As a kid, I preferred to stay with my dad’s mother rather than my mother’s. After all, she had a big black Cadillac, loved to drive as far away as Shreveport to shop and eat out, and had plenty of free time to devote to me. I’d spend the night with her, and we’d lie in bed and read raunchy historical novels such as Forever Amber. Occasionally, she even told me a dirty joke.
My other grandmother didn’t drive. Instead, she stayed home and took care of her huge family, some of whom always needed a place to live until they “got on their feet.” Her outside activities consisted of playing the piano for the nearby Methodist Church and teaching a long line of students to play hymns. Boring!
When I decided I wanted to learn the piano, at least this grandmother didn’t make me play hymns. Instead, she introduced me to classical music and helped me master Tchaikovsky’s melodious “Waltz of the Flowers” and Chopin’s passionate etudes, which I adored. I also recall her mentioning the opera Aida for some reason, as well as the fact that her younger brother taught at SMU and wrote books of poetry. He was even the poet laureate of Texas once. Still, none of that made her seem very interesting.
The years passed, and I went to college, hitchhiked through Europe and the Middle East, and experienced some of the adventures I’d read and dreamed about.
After I finally settled down to teach English to college freshmen and sophomores, I attended a feminist writers’ workshop in Aurora, New York, and my attitude toward my grandmother began to change. (Having Judy Grahn there as our featured writer certainly didn’t hurt.)
I began to write poetry, discovered that my grandmother’s poet brother was gay, and started paying attention to the stories my mom and aunts had long been telling about my grandmother’s difficult early married days on the farm. They said her music had kept her sane. Then I discovered a letter she wrote to my granddad before they were married in 1912, and the closet door creaked open.
In this early poem about her, I quote from her letter to my granddad. He’d proposed and given her an engagement ring, and she wrote him to explain why she was returning it.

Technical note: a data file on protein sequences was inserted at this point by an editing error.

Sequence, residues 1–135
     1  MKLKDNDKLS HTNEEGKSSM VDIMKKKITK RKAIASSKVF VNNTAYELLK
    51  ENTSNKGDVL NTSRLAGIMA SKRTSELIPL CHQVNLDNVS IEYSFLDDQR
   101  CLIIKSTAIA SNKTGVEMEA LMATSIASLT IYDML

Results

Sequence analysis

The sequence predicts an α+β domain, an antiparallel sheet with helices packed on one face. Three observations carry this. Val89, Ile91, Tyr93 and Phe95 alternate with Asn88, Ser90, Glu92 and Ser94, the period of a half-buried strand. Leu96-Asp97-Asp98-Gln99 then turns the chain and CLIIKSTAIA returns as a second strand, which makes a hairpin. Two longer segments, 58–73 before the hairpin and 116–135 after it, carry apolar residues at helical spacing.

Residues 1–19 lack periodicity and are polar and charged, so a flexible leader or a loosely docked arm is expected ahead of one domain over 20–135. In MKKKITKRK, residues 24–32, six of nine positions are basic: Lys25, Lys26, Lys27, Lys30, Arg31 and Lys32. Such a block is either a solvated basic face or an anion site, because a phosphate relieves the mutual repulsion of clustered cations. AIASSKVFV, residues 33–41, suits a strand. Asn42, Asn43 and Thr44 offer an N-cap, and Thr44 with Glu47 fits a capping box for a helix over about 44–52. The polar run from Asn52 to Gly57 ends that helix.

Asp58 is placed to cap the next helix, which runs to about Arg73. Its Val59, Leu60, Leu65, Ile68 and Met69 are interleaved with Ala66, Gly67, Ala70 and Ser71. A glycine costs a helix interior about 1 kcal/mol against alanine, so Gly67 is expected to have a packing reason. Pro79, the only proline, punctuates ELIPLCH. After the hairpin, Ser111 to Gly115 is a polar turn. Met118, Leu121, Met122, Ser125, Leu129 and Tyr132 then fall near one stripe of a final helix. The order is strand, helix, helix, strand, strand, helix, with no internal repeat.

My grandmother wrote,
“I can’t understand why I yield to you,
believe that I love you and say so, act so,
then doubt my own heart,
wonder at my actions when you are gone.”
He courted more ardently.
Fifteen years older, he plucked her
from her world of girls’ boarding school,
daily piano practice,
ice-cream socials, singing in a quartet,
He deposited her on a small farm in Texas
with onions to plant in her garden,
cornbread to cook on a wood stove,
five cows to milk each morning and night,
a black washpot to make lye soap in.
She bore him nine children,
which thickened her 18-inch waist;
bore with her mother-in-law who called “frivolous”
her thirty outing diapers,
her subscriptions to Ladies’ Home Journal and Etude—
declared “Pshaw” about her frequent washing
of babies and ammonia-smelling diapers in #3 washtubs—
who let her,
take care of the chickens
and the flowerbeds.
No wonder she doubted her own heart.
After I wrote that poem, I dug around in the family archives and uncovered some letters from my grandmother to her college roommate. I’d read about romantic friendship by then, in Lillian Faderman’s classic work, Surpassing the Love of Men: Romantic Friendship and Love Between Women from the Renaissance to the Present, so I didn’t immediately consider my grandmother gay. But something about the phrasing in her letters gave me pause and spoke to me in a language I understood.
My grandmother no longer seemed boring. I began to imagine what her life was like and what it could have been, and my novel The Storm was born.